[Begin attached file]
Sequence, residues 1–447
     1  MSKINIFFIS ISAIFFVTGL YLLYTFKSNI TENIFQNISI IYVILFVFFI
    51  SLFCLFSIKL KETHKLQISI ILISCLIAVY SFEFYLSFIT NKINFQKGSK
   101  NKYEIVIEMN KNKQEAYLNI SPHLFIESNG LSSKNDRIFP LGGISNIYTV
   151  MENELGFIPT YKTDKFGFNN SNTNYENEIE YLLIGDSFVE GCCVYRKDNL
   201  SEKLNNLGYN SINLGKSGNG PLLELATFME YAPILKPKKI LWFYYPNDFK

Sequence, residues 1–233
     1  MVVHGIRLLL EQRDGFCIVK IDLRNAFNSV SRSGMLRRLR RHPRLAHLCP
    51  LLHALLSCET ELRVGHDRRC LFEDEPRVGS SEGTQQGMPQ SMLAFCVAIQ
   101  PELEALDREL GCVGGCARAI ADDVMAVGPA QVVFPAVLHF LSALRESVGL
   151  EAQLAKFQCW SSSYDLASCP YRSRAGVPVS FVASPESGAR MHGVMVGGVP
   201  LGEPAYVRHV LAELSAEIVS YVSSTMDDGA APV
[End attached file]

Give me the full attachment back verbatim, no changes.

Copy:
Sequence, residues 1–447
     1  MSKINIFFIS ISAIFFVTGL YLLYTFKSNI TENIFQNISI IYVILFVFFI
    51  SLFCLFSIKL KETHKLQISI ILISCLIAVY SFEFYLSFIT NKINFQKGSK
   101  NKYEIVIEMN KNKQEAYLNI SPHLFIESNG LSSKNDRIFP LGGISNIYTV
   151  MENELGFIPT YKTDKFGFNN SNTNYENEIE YLLIGDSFVE GCCVYRKDNL
   201  SEKLNNLGYN SINLGKSGNG PLLELATFME YAPILKPKKI LWFYYPNDFK

Sequence, residues 1–233
     1  MVVHGIRLLL EQRDGFCIVK IDLRNAFNSV SRSGMLRRLR RHPRLAHLCP
    51  LLHALLSCET ELRVGHDRRC LFEDEPRVGS SEGTQQGMPQ SMLAFCVAIQ
   101  PELEALDREL GCVGGCARAI ADDVMAVGPA QVVFPAVLHF LSALRESVGL
   151  EAQLAKFQCW SSSYDLASCP YRSRAGVPVS FVASPESGAR MHGVMVGGVP
   201  LGEPAYVRHV LAELSAEIVS YVSSTMDDGA APV